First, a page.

Painted Finish Cabinets vs. Stained Wood Grain Cabinets

When selecting cabinets for your kitchen, there are many different decisions to make before settling on the right cabinets for your home. One of these is the finish. Your cabinet’s finish, painted or stained wood grain, help set the tone for the rest of your kitchen. Each create a very different look for your kitchen. There are positives and negatives to both of these finishes, and it’s important to gather as much information as possible so you can make the best decision for you and your home.

Painted Finish Cabinets

Painted finish is becoming more and more popular with cabinetry these days. It can give your kitchen a more modern look and the options for a painted finish are truly endless. You can get any color your heart desires as well as options like glossy, matte, or satin paint.

A bonus to doing a painted finish on your cabinets is that it gives you the freedom to use less expensive wood material. The paint will cover up the grain of the wood and therefore you can use wood materials like hardwood, plywood, and medium-density fiberboard.

However, with great freedom, comes great responsibility. Painted finish cabinets often require more maintenance than stained cabinets. They typically cannot be washed with water unless the paint specifically state. In addition, they are more likely to crack over time since the paint is simply sitting on top of the surface.

Stained Finish Cabinets

Your second option when deciding how to finish your cabinets is a stained finish. Stain is different from paint in that it is absorbed into the wood material of your cabinets. It adds some color to the wood, but its goal is to enhance the natural grain of the wood material.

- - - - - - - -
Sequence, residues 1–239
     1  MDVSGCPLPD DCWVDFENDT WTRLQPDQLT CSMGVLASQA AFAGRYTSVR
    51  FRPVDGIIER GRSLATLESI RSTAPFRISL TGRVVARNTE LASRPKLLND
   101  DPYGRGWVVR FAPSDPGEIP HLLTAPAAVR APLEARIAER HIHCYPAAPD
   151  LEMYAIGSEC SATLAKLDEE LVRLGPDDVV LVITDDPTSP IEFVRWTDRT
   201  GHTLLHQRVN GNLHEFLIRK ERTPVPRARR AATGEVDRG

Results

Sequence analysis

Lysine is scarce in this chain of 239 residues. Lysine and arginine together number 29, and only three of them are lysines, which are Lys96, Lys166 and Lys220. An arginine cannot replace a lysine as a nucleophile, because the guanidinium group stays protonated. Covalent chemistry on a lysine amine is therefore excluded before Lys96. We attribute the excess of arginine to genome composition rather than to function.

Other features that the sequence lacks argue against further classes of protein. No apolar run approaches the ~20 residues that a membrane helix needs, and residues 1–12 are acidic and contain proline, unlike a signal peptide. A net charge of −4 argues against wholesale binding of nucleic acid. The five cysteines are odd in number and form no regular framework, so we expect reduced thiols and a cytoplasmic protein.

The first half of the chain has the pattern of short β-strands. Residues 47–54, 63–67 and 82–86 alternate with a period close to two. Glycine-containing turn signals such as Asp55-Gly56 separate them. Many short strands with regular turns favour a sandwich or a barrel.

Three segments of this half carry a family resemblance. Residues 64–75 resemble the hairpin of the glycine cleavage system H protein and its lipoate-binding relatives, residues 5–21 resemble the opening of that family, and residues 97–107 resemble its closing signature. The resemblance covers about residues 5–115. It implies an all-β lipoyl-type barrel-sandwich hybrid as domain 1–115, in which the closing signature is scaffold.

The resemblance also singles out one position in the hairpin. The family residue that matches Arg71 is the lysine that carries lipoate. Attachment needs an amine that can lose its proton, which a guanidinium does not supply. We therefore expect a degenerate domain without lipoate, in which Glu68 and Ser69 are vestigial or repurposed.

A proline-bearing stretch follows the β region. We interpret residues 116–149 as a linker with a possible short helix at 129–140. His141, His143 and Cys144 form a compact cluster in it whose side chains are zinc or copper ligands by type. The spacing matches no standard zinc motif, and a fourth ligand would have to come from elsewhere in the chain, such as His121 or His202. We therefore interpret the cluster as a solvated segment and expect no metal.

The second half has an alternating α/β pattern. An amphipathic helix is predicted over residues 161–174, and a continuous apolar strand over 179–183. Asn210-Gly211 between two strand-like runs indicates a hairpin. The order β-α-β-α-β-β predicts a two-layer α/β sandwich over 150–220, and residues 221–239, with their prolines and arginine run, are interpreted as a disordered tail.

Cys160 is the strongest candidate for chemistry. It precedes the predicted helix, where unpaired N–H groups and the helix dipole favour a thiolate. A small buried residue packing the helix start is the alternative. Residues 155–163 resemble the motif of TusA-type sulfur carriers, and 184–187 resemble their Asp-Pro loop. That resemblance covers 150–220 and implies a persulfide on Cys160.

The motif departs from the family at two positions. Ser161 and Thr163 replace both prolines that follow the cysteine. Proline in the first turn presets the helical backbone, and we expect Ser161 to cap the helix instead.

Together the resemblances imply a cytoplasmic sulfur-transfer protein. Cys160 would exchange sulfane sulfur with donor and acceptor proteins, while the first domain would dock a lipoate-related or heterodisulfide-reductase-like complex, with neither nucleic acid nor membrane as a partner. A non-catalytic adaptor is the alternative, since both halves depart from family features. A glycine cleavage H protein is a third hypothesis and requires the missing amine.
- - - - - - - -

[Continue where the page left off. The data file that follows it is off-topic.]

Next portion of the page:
Some added bonuses to doing a stained finish on your cabinets is it is easier to maintain and easier to clean. Stained finish cabinets can be washed with water while most painted cabinets cannot. Stained cabinets fair better with touch-ups than painted cabinets, because the touch-ups tend to blend better with the exposed wood grain.

Another benefit that stems from the stain blending with the wood material is you are less prone to cracks. The stain will move with the wood as it contracts and morphs with humidity, whereas painted cabinets would be more prone to cracking.

When deciding to do stained finish cabinets, it’s important to get a high-quality wood material. There are a couple reasons for this. The stain blends in with the wood. With a low quality material, this blending will not occur. Plus, the more high-quality wood material you use the more beautiful your cabinetry will be as the stain will accunate the stunning wood grain.

There are benefits and drawbacks to each finish, but ultimately, you can’t go wrong. With the proper care either finish can be perfect in your new kitchen. If you’re having trouble deciding between finishes, you could benefit from consulting with an interior designer like L&M Design-Build-Furnish. An interior designer will help you determine which finish will fit in seamlessly with your kitchen.

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